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Efficient Shear Transfer in Timber-Concrete Composite Bridges by Means of Grouting with Polymer Mortar

https://research.thinkwood.com/en/permalink/catalogue1694
Year of Publication
2016
Topic
Connections
Mechanical Properties
Material
Timber-Concrete Composite
Application
Bridges and Spans
Author
Kaestner, Martin
Rautenstrauch, Karl
Year of Publication
2016
Format
Conference Paper
Material
Timber-Concrete Composite
Application
Bridges and Spans
Topic
Connections
Mechanical Properties
Keywords
Polymer Mortar
Shear Tests
Bending Tests
Conference
World Conference on Timber Engineering
Research Status
Complete
Notes
August 22-25, 2016, Vienna, Austria p. 4281-4290
Summary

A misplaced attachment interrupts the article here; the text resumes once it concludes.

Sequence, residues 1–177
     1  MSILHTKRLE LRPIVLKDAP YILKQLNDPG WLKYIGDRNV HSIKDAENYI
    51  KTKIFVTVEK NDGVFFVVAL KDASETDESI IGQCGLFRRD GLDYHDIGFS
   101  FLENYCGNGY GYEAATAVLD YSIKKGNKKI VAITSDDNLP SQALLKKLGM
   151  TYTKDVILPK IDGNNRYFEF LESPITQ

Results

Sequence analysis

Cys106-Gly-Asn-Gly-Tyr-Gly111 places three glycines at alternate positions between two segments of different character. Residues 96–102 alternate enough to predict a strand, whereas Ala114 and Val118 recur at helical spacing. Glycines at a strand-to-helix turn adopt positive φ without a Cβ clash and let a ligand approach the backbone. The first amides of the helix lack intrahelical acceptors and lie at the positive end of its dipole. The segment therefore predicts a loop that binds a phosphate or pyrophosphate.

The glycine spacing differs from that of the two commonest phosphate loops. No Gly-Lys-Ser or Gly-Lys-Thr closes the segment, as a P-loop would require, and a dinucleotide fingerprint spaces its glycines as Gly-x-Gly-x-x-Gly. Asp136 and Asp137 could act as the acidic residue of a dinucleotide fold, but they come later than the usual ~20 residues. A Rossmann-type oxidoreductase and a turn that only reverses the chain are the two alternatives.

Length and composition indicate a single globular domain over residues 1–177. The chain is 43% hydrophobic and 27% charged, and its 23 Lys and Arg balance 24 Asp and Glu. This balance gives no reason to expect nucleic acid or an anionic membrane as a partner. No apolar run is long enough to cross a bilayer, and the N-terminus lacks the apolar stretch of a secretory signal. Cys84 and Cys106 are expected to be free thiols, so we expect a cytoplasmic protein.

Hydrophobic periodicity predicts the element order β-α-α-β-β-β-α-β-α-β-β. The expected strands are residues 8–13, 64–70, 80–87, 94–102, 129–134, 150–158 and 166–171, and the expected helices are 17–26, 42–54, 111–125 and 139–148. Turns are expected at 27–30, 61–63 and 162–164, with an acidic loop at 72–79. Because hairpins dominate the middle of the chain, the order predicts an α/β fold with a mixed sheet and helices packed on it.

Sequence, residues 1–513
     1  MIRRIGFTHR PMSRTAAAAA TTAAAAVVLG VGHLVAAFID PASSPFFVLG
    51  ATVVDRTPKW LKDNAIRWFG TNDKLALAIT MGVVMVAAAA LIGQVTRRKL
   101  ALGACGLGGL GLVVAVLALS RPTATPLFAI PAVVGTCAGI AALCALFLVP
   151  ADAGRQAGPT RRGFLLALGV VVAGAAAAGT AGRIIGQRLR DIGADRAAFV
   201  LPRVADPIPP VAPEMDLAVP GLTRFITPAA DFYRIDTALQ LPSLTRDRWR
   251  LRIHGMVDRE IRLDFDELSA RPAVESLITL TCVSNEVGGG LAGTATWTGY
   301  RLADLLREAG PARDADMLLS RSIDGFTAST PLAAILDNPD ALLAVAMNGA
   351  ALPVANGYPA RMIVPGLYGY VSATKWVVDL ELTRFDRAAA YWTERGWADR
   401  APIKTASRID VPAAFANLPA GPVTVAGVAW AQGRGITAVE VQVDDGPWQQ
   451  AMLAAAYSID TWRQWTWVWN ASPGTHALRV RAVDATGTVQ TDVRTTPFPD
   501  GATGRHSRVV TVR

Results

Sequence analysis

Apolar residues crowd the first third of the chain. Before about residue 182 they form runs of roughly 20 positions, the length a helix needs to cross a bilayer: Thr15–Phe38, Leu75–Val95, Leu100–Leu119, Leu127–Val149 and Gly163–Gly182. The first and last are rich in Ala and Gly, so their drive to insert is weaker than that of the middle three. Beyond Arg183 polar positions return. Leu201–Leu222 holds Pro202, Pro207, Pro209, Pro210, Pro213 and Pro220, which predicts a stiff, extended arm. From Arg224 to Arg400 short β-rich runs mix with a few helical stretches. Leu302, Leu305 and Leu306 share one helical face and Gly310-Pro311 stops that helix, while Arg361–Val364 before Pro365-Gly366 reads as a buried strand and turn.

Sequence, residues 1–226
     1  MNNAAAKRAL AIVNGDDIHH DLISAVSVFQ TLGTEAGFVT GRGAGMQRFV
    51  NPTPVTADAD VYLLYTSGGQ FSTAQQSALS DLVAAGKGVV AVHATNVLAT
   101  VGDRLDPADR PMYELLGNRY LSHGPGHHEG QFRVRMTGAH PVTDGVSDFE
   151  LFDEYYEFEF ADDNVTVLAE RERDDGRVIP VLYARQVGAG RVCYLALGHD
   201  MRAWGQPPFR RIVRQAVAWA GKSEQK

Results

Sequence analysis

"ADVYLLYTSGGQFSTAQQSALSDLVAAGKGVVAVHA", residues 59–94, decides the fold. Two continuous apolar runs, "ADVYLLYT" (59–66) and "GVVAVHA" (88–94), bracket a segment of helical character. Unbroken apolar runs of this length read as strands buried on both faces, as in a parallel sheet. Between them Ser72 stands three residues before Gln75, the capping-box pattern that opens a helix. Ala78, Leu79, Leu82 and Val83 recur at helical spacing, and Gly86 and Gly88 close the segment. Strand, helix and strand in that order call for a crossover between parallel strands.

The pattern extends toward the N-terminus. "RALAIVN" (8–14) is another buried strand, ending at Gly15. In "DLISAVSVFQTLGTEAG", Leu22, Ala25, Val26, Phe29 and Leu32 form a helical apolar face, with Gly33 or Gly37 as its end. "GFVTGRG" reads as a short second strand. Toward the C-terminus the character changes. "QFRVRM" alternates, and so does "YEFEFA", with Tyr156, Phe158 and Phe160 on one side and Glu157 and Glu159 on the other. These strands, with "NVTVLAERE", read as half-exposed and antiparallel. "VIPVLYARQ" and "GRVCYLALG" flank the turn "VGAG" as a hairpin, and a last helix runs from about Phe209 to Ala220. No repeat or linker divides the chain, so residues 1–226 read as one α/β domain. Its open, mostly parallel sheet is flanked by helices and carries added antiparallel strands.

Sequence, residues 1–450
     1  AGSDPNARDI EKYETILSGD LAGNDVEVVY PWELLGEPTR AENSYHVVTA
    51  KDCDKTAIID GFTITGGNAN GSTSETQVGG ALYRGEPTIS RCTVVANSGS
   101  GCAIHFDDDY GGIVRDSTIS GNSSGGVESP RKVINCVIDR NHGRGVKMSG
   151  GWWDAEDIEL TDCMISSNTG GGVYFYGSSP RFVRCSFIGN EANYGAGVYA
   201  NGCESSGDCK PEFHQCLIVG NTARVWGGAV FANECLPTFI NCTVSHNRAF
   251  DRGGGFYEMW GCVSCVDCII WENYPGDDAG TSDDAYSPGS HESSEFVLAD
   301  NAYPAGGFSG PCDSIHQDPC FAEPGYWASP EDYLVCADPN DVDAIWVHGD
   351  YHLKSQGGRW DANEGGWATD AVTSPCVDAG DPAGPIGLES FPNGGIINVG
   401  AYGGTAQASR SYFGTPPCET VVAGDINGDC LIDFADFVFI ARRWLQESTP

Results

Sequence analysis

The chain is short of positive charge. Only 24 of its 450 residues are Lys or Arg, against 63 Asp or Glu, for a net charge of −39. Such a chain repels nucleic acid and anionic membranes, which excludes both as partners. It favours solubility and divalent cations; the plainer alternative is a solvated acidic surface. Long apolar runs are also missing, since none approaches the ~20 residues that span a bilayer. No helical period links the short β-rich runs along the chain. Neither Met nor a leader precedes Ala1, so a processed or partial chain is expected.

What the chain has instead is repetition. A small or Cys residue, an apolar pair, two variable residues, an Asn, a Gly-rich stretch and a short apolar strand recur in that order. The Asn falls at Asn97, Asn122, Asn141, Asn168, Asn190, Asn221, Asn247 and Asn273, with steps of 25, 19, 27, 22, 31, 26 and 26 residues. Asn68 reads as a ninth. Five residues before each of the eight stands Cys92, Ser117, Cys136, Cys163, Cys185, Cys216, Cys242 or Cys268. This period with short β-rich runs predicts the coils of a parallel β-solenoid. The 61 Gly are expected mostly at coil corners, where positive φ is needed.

The performance of timber-concrete composite bridge constructions crucially depends on the design of the joint between concrete deck and timber main girders. In research studies at the Bauhaus-University Weimar, innovative joining techniques based on grouting with highly-filled, tolerance-compensating polymer glue mortars have been developed to improve the shear capacity of this joint significantly. By applying a thin layer of polymer mortar on the top of the wooden main girder a continuous, slip-free connection to the timber can be realized. This layer can be utilized for the embedding of steel plates with welded-on shear studs (stud connectors), so that the joint to the concrete side is ensured by a standardised connection. The steel plates are rigidly anchored in the polymer mortar by adhesive bond and form closure. As an alternative, a slip-free grout-glued connection between concrete and timber can be realized by the glue mortar itself, so that also a continuous connection to the concrete is accessible, whereby manufacturing tolerances can easily be compensated due to the high degree of mineral filling of the polymer mortar. The paper focuses on experimental results of shear and bending tests for the new composite joint configurations.